NESTLED IN THE EARTH, ROOTS AND BULBS are the most humble of vegetables. They tend to be simple and unassuming. Some of them are better known for their ugliness than their beauty. And most people are unaware of the foliage from many of these rough gems until they actually grow them.
Yet root vegetables are satisfying. Comforting. They are a mother’s hug rather than a lover’s passionate embrace. Our reactions to them are less dramatic, yet oftentimes much deeper. They warm our souls and make us feel everything will be right in the world.
As photographers, we’ve stepped out into a farmer’s sea of green leaves and found that burrowed beneath them was a trove of sweet potatoes. We watched and photographed his young kids chasing butterflies through leaves reaching up to their waists. Little did they know that a bounty of Thanksgiving treasure lay hidden under their toes.
From our own garden, several roots and bulbs tend to overfill our pantry seasonally. We adore fennel bulbs, but after the first season they started sprouting up in overabundance all over the garden. (Fortunately the swallowtail butterfly caterpillars love them, so we’ve benefited from an increase in the local butterfly population.) And hidden beneath their leaves, our beets will quietly grow to monstrous proportions if we don’t keep vigilant watch. One particular beet, which we fondly named Henry, grew to nearly ten pounds before we finally pulled him up.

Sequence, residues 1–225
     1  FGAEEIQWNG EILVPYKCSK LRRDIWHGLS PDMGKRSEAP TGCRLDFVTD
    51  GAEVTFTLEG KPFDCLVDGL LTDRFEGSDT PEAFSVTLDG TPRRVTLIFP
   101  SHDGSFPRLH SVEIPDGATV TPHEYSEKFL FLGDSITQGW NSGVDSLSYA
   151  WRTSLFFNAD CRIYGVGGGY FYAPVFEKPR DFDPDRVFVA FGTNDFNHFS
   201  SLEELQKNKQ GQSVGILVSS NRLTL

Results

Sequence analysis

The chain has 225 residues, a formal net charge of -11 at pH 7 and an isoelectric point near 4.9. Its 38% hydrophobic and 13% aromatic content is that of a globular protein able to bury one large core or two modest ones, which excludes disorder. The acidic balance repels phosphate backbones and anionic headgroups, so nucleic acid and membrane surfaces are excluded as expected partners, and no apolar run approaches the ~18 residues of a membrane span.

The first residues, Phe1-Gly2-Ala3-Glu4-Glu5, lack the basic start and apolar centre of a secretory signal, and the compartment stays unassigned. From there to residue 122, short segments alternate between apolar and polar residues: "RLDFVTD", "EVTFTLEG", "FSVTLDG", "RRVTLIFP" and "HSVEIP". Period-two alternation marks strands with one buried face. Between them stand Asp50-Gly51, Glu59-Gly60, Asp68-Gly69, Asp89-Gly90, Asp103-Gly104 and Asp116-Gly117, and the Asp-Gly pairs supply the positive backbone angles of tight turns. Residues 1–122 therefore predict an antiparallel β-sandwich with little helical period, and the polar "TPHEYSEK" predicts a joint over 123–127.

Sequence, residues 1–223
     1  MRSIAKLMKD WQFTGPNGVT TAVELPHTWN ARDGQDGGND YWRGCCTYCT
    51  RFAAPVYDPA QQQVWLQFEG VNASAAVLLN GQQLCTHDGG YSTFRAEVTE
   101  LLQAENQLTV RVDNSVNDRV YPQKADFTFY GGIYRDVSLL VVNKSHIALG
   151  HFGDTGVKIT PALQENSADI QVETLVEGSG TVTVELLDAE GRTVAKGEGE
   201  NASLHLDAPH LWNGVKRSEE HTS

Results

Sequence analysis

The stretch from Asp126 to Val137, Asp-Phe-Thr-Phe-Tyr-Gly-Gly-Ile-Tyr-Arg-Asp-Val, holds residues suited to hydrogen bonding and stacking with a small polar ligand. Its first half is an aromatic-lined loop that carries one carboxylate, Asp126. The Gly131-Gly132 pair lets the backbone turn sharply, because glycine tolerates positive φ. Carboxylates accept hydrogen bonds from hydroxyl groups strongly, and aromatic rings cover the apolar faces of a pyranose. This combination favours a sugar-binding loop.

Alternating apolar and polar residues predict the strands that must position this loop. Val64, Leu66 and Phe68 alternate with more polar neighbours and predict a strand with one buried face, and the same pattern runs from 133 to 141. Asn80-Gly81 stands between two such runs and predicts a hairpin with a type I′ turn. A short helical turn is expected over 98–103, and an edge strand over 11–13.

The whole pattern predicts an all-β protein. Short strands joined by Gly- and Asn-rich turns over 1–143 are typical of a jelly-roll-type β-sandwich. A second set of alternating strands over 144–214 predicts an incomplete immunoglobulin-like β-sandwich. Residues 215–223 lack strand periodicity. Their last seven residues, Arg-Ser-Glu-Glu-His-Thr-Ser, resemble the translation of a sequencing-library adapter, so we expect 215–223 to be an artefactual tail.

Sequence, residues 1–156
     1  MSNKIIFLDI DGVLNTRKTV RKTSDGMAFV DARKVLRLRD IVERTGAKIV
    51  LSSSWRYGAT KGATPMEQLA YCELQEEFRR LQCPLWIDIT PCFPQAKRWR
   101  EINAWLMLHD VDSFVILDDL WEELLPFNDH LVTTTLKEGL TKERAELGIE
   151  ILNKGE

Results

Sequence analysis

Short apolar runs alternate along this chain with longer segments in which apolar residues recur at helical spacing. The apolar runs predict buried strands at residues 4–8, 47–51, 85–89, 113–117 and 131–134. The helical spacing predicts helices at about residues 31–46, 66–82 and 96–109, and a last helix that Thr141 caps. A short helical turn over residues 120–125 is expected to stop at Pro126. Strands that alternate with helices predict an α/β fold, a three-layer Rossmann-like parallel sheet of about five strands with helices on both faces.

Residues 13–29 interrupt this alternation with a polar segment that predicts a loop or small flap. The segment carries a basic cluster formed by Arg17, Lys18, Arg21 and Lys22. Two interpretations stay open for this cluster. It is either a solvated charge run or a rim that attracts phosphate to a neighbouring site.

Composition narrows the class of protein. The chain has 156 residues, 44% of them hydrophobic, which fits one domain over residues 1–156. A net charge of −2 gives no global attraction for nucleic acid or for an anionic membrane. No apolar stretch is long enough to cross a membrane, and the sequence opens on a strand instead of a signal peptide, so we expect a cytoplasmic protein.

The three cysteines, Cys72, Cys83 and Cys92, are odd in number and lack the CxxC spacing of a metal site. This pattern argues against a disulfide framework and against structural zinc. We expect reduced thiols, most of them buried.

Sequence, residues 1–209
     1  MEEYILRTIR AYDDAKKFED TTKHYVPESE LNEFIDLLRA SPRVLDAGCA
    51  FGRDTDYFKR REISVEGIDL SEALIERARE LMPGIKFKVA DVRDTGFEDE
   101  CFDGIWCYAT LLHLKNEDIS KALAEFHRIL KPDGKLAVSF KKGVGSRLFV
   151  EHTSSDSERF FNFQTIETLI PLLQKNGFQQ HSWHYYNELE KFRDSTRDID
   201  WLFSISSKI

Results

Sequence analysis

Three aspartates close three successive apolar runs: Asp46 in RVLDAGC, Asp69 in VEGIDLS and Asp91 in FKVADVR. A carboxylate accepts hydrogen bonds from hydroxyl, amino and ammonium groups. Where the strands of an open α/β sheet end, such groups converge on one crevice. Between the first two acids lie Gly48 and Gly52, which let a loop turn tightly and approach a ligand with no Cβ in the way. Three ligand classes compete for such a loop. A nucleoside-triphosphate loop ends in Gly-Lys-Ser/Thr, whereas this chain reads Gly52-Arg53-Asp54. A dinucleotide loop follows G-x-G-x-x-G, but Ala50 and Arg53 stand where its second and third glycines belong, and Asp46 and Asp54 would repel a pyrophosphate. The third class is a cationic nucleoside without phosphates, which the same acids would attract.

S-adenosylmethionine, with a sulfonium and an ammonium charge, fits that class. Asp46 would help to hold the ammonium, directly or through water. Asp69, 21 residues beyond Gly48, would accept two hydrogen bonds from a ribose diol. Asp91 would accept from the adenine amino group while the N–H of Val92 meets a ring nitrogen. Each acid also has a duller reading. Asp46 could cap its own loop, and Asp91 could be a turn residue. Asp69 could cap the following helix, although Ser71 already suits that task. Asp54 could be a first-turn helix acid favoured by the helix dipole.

But even in their overgrown state, these hearty vegetables can still be salvaged. Beets are wonderful when prepared in the right fashion. Don’t attempt to whittle them down and roast the chunks for a delicate beet salad. Instead, slice them thin and bake them into chips for an addictive snack.
These wonderful roots and bulbs, which nourish and comfort us, seem to gracefully handle our callous neglect. Yet despite such durability, we cannot let ourselves forget how good they can be when handled with the joy and care so many of our other fruits and vegetables get. The sweet creaminess of a freshly picked fingerling potato or the brilliant flavor of a finely shaved fennel bulb in its plump prime—these are glorious tastes to experience.